There’s one booming sector of the economy that escapes taxes the rest of us pay. It’s the political campaign business. Politicians and political parties pay no taxes on the money they raise to chase jobs and power.
True charities, like the Salvation Army and Save the Children, pay no taxes on income, and donors may deduct their gifts from federal taxes. Tax exemption acts as a subsidy of their operations. They get to use 100 percent of everything they bring in, unlike a private business that can use only what is leftover after paying taxes.
Contributions to a political campaign are not tax deductible. Under state and federal law, though, money earned by a politician’s campaign committee is not taxed. Though no politicians will ever be confused with Mother Teresa, their operations are treated the same as charities that clothe the poor and feed the hungry.
Even without its tax-free advantages, the money raised in this election cycle would make a Fortune 500 company envious. So far, a combined $1.35 billion has been raised by all presidential candidates running this election season. Candidates for the House of Representatives have reported raising $694 million. Senate candidates have reported collecting $293 million.
Those sums do not include what has been pulled in by the moneymaking apparatus housed in the Democratic and Republican parties. Between the two organizations, the GOP and DNC have raised $1.88 billion.
These figures, compiled by opensecrets.org, are incomplete. They do not include the final months before Election Day, nor the considerable sums candidates will raise after the election, win or lose. Hillary Clinton, for instance, continues to raise money to pay down a $20 million debt. Bill Richardson is still doing cocktail parties to find cash for his failed race. Somebody will raise tens of millions of dollars for a grand inauguration party.
Incumbency offers the kind of employment security few Americans will ever know.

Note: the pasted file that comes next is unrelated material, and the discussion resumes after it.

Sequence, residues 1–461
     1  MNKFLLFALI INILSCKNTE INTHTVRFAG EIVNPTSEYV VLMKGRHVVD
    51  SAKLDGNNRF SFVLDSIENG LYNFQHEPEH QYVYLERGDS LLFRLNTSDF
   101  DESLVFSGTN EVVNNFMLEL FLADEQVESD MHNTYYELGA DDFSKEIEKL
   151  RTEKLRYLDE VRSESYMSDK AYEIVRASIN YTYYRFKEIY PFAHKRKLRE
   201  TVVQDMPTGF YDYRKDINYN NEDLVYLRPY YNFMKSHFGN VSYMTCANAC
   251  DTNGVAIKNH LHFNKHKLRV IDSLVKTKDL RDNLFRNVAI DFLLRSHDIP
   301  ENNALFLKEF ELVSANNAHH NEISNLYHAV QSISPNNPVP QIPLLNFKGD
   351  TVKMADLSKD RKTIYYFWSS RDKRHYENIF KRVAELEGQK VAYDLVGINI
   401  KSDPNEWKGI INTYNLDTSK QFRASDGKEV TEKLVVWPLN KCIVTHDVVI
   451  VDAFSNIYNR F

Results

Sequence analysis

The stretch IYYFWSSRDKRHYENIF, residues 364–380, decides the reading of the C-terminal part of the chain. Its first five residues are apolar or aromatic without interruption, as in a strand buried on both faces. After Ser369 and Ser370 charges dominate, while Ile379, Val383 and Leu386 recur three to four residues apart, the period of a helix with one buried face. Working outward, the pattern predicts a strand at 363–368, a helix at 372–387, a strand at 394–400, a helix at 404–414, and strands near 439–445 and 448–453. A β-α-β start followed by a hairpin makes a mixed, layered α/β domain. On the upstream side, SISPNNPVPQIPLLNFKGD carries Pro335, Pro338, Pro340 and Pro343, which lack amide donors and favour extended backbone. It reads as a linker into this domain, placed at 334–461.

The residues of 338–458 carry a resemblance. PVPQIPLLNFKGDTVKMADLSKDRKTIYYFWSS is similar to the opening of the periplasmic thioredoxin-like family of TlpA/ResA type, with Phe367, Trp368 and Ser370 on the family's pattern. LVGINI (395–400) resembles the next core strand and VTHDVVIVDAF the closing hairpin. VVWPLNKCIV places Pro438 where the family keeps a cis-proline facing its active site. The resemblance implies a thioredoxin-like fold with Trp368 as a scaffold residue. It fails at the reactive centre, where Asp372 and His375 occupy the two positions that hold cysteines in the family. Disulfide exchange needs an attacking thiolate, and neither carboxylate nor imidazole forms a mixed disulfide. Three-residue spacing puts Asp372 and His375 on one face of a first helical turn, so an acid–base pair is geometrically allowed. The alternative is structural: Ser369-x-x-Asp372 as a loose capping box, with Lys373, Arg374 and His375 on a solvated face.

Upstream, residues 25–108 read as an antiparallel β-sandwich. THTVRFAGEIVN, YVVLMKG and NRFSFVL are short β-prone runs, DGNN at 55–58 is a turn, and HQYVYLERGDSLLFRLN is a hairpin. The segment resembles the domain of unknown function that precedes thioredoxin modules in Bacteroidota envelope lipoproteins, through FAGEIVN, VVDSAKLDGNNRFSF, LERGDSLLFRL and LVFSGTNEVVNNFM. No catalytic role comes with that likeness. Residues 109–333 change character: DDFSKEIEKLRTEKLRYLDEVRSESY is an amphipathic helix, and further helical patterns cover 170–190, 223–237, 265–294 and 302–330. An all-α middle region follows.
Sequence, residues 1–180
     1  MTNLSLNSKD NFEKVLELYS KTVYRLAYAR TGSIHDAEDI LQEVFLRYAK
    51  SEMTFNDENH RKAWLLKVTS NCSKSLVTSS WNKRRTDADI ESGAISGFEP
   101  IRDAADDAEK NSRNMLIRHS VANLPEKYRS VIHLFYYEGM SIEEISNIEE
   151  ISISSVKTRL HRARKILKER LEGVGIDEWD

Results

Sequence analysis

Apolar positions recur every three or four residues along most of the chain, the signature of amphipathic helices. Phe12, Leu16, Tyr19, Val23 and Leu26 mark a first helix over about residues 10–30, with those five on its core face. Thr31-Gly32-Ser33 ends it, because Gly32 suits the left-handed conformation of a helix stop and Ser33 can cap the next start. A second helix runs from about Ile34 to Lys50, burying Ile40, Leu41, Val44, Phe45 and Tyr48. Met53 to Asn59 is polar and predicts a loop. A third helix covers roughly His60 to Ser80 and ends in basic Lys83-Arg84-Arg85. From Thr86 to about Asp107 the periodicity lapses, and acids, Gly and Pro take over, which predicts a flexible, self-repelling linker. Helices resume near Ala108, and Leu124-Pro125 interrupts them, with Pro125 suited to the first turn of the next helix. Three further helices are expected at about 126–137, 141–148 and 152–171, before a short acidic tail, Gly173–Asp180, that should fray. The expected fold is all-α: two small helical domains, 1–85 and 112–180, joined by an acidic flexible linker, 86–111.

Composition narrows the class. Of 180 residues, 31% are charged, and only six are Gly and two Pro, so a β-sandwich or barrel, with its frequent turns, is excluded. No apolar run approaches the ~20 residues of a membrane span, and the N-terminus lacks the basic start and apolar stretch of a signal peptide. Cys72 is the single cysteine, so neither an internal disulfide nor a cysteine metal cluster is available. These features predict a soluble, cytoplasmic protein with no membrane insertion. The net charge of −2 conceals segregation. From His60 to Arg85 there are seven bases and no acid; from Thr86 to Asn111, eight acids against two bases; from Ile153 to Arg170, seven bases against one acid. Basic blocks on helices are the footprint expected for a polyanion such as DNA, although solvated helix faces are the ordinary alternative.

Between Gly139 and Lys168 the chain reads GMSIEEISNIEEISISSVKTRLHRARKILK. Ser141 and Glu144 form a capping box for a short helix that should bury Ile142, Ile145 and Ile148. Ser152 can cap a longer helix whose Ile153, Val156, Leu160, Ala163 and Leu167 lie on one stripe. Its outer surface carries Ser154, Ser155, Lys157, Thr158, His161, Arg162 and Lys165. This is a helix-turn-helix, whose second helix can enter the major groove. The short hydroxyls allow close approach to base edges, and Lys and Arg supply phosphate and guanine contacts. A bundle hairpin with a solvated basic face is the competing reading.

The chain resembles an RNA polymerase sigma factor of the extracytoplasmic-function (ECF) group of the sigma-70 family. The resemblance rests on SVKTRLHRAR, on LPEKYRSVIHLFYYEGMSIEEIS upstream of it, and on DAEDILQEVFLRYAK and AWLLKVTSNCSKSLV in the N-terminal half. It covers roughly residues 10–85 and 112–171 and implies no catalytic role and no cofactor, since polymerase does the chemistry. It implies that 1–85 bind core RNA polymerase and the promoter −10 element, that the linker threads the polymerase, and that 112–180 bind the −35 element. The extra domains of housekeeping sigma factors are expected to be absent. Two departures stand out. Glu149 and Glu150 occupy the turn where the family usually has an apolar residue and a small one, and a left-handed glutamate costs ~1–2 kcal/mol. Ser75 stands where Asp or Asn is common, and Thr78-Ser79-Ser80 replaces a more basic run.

The figures reported to date come to more than $4.2 billion, none of which has been taxed, and none of which has fed or clothed anyone except for consultants, ad execs, broadcast media millionaires, campaign staff, private pilots and limo drivers.
Sure, campaign workers pay taxes on their salaries. But by escaping taxes on his or her committee’s income, a politician enjoys an enormous advantage private businesses never experience.
Society gives true charities tax-free status because they provide necessary services government and the market can’t or won’t provide. Traditional charities were established as selfless institutions, though scandals, abuses and fat salaries are not uncommon in the nonprofit sector. Generally speaking, society wants to encourage these charitable endeavors and gives a helping hand by foregoing taxing their income.
The tax-free status of political campaigns, on the other hand, encourages more Karl Roves and James Carvilles.
Every politician assures us he’s running because he longs to serve the public interest. But, particularly if he’s running for federal office, the job he wants will place him in one of the highest income brackets. With that job comes glamour, power, junkets, pensions, great health care and a good shot at a paycheck for life. Incumbency offers the kind of employment security few Americans will ever know.
It’s time to re-examine the tax-free status of politicians’ money.
Political campaigns are not charities. $10 million for dried milk and rice to fight famine is an unquestionable benefit for mankind. Who would argue that $10 million’s worth of attack ads makes the world a better place?
Though we are seeing more and more money collected by politicians, there doesn’t seem to be a commensurate increase in their job performances. “Are you better off than you were eight years ago?” Bill Clinton asked in 1992. We’re still being asked that rhetorical question, and we’ll be asked again four years from now, regardless of who takes the White House.
Like the income tax, a tax on politicians should be progressive. That would let them share an experience enjoyed by many Americans who own businesses or are self-employed.
While we’re leveling the playing field, let’s also hit politicians with a death tax. Many politicians keep scads of money after their campaigns have died. Six months after being re-elected in 2006, Bill Richardson still had $738,000 in his kitty. There is no justification for taxpayers subsidizing walking-around money for politicians, or slush funds they can use to help finance other politicians’ quests for power.
Politicians always tell us they feel our pain. Let’s make it easier for them and stop treating them like charity cases.